Stat, a Boston Globe online affiliate that reports on health-care issues, examines the rupture at the Alzheimer's Association, one of the country's most influential disease advocacy groups. An escalating dispute over spending and priorities is fueling the schism, which has seen several prominent local and regional chapters split off from the heretofore loosely federated national network in recent months.
The tension among organizations that collectively raise more than $300 million a year centers on the Chicago-based association's plan to consolidate programs and advocacy. It is requiring chapters to dissolve their boards and transfer assets to the national office, which some local groups accuse of lavish spending on travel and executive pay.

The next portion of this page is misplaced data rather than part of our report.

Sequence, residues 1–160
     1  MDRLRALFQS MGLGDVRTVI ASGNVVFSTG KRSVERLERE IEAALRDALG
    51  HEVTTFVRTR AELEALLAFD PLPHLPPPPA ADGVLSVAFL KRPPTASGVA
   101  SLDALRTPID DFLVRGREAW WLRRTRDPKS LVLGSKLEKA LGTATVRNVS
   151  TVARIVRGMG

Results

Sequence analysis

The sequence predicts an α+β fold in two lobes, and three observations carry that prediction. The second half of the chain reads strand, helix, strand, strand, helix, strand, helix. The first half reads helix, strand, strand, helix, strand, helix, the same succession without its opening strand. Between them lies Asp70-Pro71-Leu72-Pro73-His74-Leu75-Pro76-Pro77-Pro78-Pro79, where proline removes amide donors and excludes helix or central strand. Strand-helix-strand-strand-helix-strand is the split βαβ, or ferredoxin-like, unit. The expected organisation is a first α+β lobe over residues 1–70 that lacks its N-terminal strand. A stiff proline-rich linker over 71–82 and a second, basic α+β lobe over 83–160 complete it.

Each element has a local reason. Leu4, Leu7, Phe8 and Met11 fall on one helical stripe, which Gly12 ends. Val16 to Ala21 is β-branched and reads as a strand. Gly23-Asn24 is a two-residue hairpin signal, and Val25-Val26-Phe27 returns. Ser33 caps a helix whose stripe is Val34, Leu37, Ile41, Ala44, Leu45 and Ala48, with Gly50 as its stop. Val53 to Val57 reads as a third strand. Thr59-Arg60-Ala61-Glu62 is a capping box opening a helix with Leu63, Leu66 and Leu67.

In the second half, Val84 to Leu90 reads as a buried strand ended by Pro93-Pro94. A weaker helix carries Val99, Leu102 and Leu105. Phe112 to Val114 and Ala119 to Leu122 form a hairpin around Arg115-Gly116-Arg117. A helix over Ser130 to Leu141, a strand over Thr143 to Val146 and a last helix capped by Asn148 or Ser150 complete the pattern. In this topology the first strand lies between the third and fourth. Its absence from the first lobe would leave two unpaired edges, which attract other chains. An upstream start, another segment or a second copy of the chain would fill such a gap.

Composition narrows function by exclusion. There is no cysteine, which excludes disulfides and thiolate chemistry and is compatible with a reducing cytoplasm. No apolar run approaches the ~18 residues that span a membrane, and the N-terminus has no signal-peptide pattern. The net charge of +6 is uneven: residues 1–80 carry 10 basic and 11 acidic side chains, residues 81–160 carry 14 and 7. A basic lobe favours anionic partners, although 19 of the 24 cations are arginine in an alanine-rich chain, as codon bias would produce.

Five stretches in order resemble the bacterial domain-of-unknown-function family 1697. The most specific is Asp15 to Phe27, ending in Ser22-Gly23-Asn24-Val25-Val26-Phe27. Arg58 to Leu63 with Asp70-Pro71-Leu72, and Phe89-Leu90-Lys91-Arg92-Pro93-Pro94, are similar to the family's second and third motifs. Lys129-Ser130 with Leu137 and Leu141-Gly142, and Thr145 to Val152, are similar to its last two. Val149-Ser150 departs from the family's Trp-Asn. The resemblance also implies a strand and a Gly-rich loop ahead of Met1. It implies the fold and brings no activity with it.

Underlying that fight, Stat writes, is a larger dispute over the organization's direction, with the national office pushing an all-out focus on research for a cure that local groups say undercuts their efforts to care for patients and cater to their communities' needs.